Mrs. Chakraboty's mother became ill and passed away in 1949. This, along with the tense social environment in the community, caused Mrs. Chakraborty to leave her home permanently with her younger brother in 1950, immediately before riots took place. She moved back to Kolkata, reunited with her father, and stayed with an uncle who lived in a refugee colony at Belgharia. Moving from place to place for the next several years, Mrs. Chakraborty was not able to attend school. At the age of 21, she began studying at home privately. At the age of 24, she married.


At the time of Partition, Arghwani Begum was over eight months pregnant with her third child.

As communal tensions increased, she and her family decided to leave their Delhi home for Lahore. Their first destination, however, was the Purana Qila or Old Fort refugee camp in Delhi.

It was raining heavily when the family arrived at Purana Qila. Another family at the fort helped them set up tents for shelter. The next morning, on August 15, Arghwani Begum went into labor.

She recalls that her sister-in-law cried incessantly on seeing the newborn baby, though she could not understand why. “There were no clothes for the baby,” she says simply. “We draped him in one of my daughter’s frocks.” After two days, the family traveled in army jeeps to the Nizamuddin Railway Station in Delhi. They managed to board a train to Pakistan.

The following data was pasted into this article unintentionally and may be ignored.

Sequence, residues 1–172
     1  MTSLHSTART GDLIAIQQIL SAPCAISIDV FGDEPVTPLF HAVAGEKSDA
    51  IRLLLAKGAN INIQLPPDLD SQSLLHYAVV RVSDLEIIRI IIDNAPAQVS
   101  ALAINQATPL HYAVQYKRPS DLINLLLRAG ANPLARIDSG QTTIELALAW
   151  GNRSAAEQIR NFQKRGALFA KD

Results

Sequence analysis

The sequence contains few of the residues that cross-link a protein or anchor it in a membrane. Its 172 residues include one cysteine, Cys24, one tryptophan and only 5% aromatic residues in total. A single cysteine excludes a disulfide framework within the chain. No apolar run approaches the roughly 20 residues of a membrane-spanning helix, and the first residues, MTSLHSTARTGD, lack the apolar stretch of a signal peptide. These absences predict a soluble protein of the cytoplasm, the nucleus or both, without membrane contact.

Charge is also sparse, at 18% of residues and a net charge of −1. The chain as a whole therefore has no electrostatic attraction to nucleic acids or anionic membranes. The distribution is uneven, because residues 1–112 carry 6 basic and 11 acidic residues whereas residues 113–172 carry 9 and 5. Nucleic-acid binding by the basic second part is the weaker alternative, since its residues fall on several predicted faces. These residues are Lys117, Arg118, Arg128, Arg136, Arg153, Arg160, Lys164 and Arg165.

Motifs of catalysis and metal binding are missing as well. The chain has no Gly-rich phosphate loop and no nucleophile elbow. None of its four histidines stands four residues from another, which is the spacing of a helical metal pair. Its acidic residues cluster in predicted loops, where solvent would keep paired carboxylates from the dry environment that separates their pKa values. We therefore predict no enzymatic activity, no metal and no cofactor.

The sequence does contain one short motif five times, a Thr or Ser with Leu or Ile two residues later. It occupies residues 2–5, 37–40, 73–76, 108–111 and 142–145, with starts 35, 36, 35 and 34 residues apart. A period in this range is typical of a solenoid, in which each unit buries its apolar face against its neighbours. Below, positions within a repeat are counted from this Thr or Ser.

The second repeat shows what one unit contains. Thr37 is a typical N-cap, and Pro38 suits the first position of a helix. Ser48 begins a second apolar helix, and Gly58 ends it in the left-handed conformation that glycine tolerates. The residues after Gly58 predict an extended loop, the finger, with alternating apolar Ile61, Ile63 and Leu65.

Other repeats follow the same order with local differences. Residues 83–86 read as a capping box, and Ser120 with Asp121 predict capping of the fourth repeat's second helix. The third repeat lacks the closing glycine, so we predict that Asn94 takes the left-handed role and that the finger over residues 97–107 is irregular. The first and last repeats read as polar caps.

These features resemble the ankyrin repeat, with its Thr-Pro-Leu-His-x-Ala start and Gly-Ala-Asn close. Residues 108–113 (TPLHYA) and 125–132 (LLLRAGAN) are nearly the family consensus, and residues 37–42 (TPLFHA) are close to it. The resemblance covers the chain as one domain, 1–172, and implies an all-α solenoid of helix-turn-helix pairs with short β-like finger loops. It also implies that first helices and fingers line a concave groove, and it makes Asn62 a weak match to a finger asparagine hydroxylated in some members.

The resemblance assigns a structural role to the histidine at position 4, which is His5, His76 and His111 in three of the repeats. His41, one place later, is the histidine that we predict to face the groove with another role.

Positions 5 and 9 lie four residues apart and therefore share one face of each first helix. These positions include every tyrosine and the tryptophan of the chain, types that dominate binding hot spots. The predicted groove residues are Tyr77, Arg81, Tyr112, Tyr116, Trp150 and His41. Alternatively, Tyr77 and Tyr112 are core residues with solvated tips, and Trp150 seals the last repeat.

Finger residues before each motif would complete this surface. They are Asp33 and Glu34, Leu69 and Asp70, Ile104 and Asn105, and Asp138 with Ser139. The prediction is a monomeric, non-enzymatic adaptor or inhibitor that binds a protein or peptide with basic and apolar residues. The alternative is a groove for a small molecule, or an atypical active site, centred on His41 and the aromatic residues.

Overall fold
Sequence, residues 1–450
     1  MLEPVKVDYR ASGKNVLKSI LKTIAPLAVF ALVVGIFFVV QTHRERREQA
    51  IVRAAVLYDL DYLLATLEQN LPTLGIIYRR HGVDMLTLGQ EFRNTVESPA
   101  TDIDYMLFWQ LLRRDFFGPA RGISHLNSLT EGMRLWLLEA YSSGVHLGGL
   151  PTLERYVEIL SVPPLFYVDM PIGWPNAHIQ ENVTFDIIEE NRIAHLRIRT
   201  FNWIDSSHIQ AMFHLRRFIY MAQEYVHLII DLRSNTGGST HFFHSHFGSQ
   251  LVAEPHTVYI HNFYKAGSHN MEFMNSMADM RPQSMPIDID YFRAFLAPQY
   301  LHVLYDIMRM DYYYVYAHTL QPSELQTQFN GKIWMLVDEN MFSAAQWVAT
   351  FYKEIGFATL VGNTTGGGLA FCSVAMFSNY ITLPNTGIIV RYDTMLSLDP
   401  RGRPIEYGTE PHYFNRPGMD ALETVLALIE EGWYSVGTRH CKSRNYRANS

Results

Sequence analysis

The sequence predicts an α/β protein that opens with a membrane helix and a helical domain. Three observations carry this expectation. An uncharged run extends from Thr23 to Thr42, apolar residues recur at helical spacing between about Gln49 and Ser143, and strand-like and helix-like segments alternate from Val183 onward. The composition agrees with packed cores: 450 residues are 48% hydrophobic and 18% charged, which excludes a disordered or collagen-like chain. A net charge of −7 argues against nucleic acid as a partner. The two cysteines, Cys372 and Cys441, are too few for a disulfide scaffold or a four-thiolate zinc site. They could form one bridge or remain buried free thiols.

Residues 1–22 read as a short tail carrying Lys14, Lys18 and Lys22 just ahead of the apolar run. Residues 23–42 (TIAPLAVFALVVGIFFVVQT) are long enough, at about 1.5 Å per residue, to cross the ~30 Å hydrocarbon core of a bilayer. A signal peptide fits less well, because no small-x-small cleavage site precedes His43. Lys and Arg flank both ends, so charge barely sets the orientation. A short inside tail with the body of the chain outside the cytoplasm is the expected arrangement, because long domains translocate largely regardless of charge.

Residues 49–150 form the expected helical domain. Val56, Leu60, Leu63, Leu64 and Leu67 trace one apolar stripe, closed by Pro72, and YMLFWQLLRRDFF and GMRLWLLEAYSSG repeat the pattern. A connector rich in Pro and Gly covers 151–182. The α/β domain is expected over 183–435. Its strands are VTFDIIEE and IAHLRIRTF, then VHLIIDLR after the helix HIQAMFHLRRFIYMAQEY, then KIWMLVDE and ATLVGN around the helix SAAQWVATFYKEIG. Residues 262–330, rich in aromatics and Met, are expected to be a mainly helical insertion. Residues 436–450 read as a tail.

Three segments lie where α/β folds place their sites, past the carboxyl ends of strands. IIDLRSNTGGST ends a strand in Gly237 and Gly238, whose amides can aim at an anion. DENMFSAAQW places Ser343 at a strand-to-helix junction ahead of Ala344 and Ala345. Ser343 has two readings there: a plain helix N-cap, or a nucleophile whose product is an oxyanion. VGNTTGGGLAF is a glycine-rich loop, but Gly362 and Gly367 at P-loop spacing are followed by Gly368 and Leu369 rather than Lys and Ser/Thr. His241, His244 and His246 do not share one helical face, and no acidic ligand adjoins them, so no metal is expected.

The train was attacked at Wagah border. Amidst the panic that ensued, Arghwani Begum's infant son struggled to breathe. A man on the train helped the baby get some air through the main door. Arghwani Begum recalls seeing countless bodies of men, women, and children that night. The family fortunately escaped the attacks and reached Walton in Pakistan. They later settled in Lahore.


Renowned author Dr. Bapsi Sidhwa was living with her Parsi family in Lahore at the time of Partition.

She remembers an incident when she was walking with her family's gardener and they both came across a gunny sack. When opened, they found the body of a very young man inside. She recalls being deeply struck by that sight, realizing the futility of a young life with so much lost potential.